‘They will not drug me’: Athlete Caster Semenya appeals testosterone ruling

athlete caster semenya paris 2018
Photo: Yann Caradec/Flickr

South African athlete Caster Semenya has filed an appeal challenging rules requiring her to medically lower her natural testosterone to compete.

The two-time Olympic 800 metres champion is hyperandrogenous, which means she has naturally elevated testosterone levels in her body.

The International Association of Athletics Federations (IAAF) introduced the rules requiring women competing in women’s sports to clear a testosterone threshold.

As a result, Semenya and other athletes with differences in sexual development (DSDs) must take medication reducing their testosterone levels to a typical female range.

On May 1, Semenya lost an appeal against the rules in the Court of Arbitration for Sport (CAS). The CAS ruled the regulations were necessary to ensure fair competition.

But Semenya has said she will refuse to take the medication. On Wednesday (May 29), the athlete filed an appeal against the CAS ruling in Switzerland’s Federal Supreme Court.

“I am a woman and I am a world-class athlete,” she said in a statement.

“The IAAF will not drug me or stop me from being who I am.”

Caster Semenya wants the Swiss court to set aside the CAS ruling. Her legal team is disputing the IAAF’s findings athletes with DSDs have a physical advantage.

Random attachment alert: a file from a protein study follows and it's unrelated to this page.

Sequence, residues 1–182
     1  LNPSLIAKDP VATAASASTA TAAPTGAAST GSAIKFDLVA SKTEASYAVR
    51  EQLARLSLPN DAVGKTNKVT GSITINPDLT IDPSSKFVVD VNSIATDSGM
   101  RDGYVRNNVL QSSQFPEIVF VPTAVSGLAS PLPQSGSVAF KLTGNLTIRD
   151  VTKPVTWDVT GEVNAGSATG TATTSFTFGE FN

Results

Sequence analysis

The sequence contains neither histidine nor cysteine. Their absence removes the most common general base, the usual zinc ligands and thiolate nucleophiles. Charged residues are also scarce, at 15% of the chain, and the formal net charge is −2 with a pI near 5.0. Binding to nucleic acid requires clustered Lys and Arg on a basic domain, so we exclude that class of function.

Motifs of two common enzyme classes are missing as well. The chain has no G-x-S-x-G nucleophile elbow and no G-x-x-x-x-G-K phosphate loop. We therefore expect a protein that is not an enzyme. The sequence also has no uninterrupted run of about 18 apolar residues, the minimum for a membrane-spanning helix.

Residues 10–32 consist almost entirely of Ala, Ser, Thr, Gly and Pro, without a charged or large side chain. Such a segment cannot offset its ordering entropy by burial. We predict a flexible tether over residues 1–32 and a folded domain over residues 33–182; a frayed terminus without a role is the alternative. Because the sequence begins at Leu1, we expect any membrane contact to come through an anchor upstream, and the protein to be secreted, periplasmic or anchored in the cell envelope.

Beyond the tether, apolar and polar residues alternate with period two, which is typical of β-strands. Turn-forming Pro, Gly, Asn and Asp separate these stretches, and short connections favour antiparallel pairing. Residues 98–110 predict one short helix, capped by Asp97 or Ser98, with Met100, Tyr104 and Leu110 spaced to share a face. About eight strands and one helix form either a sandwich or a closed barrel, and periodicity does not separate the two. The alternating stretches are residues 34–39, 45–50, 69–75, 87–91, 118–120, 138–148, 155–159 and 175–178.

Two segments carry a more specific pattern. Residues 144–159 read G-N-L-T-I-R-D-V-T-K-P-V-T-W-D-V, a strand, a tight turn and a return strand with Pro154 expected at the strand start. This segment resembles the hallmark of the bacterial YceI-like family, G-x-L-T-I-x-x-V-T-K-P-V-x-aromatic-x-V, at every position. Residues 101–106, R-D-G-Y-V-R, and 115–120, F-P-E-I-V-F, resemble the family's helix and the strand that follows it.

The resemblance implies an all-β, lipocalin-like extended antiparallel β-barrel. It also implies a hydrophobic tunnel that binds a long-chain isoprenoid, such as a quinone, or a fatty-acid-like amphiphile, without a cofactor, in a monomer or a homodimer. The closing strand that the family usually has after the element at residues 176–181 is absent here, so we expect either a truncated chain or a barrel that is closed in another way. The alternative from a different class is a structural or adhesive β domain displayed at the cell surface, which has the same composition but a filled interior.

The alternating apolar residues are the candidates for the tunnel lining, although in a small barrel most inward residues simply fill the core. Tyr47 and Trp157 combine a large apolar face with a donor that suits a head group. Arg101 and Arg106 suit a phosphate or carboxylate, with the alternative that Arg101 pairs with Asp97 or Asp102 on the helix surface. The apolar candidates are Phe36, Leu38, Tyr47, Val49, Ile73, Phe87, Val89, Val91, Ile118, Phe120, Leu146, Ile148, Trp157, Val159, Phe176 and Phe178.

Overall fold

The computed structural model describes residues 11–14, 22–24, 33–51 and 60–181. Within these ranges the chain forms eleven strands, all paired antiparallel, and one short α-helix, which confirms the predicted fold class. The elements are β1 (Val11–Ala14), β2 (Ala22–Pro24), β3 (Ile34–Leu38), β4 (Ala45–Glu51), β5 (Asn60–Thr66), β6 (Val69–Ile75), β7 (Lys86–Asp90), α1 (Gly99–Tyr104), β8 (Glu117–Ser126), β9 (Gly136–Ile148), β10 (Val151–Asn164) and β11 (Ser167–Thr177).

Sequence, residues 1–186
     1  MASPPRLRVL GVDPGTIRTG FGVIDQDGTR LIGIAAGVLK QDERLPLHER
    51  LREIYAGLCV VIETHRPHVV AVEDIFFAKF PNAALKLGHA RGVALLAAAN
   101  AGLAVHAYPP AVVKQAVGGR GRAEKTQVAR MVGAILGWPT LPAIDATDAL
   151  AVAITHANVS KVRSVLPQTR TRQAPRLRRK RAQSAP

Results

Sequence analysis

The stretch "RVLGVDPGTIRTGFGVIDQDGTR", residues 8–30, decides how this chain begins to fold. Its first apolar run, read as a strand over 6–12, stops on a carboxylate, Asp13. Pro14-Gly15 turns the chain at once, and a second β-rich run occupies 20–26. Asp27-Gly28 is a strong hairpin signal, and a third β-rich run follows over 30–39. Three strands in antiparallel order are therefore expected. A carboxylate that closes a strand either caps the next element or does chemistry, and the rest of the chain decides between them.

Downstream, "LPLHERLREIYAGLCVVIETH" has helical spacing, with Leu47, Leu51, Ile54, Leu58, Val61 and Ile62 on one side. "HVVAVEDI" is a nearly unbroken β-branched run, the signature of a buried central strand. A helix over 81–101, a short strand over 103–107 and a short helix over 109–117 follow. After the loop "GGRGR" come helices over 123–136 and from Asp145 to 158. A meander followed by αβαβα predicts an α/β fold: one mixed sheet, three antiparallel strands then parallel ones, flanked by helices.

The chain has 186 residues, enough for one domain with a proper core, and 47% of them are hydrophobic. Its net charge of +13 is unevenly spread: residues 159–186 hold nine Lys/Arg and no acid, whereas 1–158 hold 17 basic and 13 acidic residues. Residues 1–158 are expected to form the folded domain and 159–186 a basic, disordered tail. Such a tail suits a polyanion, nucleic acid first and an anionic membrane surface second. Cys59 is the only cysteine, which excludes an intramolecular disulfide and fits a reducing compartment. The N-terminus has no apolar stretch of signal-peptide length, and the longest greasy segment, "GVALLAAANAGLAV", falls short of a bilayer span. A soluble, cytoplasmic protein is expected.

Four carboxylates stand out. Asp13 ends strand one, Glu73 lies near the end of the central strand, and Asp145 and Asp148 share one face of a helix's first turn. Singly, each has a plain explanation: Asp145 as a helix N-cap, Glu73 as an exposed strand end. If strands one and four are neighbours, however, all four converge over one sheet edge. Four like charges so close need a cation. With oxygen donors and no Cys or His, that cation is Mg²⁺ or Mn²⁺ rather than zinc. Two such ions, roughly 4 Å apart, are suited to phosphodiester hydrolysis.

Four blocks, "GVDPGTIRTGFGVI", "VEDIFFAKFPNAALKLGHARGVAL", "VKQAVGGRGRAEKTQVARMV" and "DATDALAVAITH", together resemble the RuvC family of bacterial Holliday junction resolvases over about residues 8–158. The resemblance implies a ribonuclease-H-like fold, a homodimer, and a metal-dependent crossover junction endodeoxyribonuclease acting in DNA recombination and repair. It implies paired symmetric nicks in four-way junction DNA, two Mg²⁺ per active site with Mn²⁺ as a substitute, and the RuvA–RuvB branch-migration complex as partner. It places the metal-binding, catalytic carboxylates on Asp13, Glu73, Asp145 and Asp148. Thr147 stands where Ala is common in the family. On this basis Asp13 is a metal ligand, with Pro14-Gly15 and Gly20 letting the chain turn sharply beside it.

The CAS ruling did not consider medical protocols and the uncertain health consequences of the medication, the statement said.

Lawyer Dr Dorothee Schramm, who is leading the appeal, said: “The IAAF regulations violate the most fundamental principles of Swiss public policy.

“In the race for justice, human rights must win over sporting interests.”

World Medical Association rejects testosterone rules

Under the new IAAF rules, female athletes like Caster Semenya must reduce their natural testosterone level to five nmol/L or under, double the normal female range of below two nmol/L.

Intersex advocates have criticised the CAS’ decision to uphold the IAAF regulations as “not only discriminatory, but also dangerous.”

Tony Briffa, chair of advocacy group ILGA World’s Intersex Steering Committee, said Caster Semenya was “born and raised as female”.

“She has never taken any performance enhancing substances, and forcing her to undergo medical intervention to allow her to compete is humiliating, unnecessary, unfair, dangerous and contrary to her human rights,” Briffa said.

“The decision also perpetuates the discrimination, forced medical intervention, stigma and injustice that many people born with variations of sex characteristics have been subjected to for decades.”

The IAAF’s policy has been criticised by peak medical body the World Medical Association. In April, the WMA urged doctors around the world to refuse to take part in the system of classifying female athletes.

The WMA called for the withdrawal of the regulations on the basis they “constitute a flagrant discrimination based on the genetic variation of female athletes and are contrary to international medical ethics and human rights standards.”

“They are based on weak evidence from a single study, which is currently being widely debated by the scientific community,” WMA President Dr Leonid Eidelman said.

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